Native Americans of the Shinnecock tribe have been living in eastern Long Island since long before European settlers arrived in the 17th century. And while you might not expect a reservation to be located near now-trendy Southampton village, that’s exactly where David Taobi Silva lives and fishes, and he claims he has aboriginal rights to do so, even if it is against Department of Environmental Conservation regulations.
At issue are tiny glass eels that are illegal to harvest in New York, a regulation state officials call vital in protecting a depleted population. But Mr. Silva told the officers that he was free to gather the eels, citing an aboriginal right to fish locally that is based on Shinnecock tradition and ancient treaties that predate and supersede government laws.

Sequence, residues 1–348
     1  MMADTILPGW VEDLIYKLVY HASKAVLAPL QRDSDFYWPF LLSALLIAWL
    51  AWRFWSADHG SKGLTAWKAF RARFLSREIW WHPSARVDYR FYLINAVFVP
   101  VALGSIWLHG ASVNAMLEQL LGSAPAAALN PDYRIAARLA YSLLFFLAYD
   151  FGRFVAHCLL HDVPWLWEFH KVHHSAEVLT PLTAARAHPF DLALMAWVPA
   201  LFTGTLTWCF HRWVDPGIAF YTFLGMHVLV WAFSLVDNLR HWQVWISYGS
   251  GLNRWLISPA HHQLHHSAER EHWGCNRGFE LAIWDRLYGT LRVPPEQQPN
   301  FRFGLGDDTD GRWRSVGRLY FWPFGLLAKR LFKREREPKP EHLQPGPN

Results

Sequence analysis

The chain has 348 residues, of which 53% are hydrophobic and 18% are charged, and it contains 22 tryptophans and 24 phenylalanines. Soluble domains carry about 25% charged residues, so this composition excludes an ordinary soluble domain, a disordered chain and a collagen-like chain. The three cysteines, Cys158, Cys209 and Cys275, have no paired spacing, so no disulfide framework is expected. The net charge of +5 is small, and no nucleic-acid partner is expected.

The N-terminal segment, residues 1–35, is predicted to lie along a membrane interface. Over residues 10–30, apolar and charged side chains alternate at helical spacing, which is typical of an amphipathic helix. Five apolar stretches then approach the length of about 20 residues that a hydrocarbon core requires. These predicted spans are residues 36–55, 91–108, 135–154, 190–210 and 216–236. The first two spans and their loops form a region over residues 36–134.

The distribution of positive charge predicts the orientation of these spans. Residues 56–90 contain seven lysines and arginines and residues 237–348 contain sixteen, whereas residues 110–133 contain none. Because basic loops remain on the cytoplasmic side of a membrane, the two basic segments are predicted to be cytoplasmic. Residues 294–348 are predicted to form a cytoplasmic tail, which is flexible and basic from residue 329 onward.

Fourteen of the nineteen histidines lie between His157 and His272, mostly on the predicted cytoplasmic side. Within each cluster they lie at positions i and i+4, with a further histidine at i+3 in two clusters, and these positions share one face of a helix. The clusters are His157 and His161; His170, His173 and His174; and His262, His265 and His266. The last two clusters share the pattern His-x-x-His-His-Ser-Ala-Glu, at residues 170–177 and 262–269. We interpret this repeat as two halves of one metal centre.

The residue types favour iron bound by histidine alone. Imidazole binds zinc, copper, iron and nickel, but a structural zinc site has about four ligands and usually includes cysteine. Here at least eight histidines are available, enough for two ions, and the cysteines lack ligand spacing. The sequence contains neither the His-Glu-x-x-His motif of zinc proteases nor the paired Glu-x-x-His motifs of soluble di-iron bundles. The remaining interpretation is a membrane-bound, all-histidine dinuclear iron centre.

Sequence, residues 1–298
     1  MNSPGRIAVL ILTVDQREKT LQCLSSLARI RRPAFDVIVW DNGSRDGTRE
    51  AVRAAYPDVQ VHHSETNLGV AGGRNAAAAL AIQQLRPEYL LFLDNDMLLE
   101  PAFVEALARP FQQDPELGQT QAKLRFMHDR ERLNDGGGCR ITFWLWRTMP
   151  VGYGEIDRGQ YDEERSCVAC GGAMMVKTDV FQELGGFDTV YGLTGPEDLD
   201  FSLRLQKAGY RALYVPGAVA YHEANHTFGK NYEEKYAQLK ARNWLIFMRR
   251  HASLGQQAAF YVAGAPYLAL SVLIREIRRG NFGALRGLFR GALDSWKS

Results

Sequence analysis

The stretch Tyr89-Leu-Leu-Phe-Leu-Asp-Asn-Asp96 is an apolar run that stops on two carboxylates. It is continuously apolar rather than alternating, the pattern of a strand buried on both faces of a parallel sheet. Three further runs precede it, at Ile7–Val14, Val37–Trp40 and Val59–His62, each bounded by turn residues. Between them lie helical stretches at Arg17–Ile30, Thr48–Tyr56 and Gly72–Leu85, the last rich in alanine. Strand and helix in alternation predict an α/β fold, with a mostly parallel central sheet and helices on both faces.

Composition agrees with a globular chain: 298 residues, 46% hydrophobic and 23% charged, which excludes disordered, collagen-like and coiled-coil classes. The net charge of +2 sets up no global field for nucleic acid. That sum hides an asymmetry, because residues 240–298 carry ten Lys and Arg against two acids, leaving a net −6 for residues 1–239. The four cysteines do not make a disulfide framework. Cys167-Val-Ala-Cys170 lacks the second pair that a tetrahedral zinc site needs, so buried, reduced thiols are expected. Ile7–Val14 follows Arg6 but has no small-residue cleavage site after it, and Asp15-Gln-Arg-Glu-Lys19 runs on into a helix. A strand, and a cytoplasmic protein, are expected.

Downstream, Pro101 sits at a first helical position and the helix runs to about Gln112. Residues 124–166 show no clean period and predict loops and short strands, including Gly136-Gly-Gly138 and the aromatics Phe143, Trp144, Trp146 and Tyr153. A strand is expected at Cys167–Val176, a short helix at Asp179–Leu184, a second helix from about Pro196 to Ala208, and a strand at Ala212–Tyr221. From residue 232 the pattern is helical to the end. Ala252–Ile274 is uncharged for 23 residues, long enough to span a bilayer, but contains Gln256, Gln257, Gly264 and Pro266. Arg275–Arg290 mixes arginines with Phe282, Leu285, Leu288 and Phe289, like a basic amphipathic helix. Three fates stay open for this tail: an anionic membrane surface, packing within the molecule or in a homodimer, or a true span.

“We’ve been fishing here forever, so it’s hard for me to understand that it has suddenly become illegal for Shinnecock people,” said Mr. Silva, who was nevertheless charged with illegally harvesting the eels.
Mr. Silva’s defense includes ancient treaties between his ancestors and early settlers that predate New York State’s formation and laws. The treaties stipulate that tribal members retain a sovereign right to harvest fish freely even in nonreservation areas.
One is a 1648 deed for the sale of East Hampton from the Shinnecock and three other tribes — payment included 20 coats, 24 looking glasses, 24 hoes, 24 hatchets, 24 knives and 100 mugs — to early British settlers. The deed stipulates that the tribes retain the right “freely to fish in any or all the cricks and ponds” and “reserve libertie to fish in all convenient places.”